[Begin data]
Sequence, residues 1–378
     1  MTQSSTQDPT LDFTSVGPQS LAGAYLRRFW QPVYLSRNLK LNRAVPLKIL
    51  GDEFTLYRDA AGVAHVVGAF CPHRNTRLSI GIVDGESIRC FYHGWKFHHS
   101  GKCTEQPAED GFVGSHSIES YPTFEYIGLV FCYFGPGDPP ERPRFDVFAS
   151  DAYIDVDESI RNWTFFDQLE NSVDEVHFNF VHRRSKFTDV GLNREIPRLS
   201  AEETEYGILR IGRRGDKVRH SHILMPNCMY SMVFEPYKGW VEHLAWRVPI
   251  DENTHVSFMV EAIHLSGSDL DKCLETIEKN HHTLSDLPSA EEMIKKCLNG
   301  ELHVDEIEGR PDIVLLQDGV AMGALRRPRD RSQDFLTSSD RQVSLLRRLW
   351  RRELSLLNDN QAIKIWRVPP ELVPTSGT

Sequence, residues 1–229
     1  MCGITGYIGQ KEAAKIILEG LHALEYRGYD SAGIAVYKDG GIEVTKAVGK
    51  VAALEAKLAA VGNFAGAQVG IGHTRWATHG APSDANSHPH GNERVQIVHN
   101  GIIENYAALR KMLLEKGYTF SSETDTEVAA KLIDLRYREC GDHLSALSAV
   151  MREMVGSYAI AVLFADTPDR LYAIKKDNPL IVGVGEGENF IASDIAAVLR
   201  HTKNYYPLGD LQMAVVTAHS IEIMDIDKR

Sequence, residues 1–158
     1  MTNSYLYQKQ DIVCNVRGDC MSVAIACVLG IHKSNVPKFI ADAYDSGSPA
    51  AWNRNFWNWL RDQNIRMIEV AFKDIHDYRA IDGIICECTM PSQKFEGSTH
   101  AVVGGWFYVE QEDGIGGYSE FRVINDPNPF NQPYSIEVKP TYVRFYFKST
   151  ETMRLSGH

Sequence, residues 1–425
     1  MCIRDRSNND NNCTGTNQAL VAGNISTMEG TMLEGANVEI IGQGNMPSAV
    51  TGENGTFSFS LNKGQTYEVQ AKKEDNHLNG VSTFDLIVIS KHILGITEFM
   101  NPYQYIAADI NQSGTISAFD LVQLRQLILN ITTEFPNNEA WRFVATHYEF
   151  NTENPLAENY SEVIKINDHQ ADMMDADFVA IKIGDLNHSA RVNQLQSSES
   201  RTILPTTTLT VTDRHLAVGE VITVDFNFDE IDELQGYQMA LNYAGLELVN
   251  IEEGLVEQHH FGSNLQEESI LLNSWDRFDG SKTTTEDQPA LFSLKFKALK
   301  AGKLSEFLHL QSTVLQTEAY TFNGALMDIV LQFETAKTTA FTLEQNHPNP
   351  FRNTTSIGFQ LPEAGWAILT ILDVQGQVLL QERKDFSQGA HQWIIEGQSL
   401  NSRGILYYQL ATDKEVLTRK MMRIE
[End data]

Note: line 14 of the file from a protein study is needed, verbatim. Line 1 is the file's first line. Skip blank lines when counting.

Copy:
   151  MREMVGSYAI AVLFADTPDR LYAIKKDNPL IVGVGEGENF IASDIAAVLR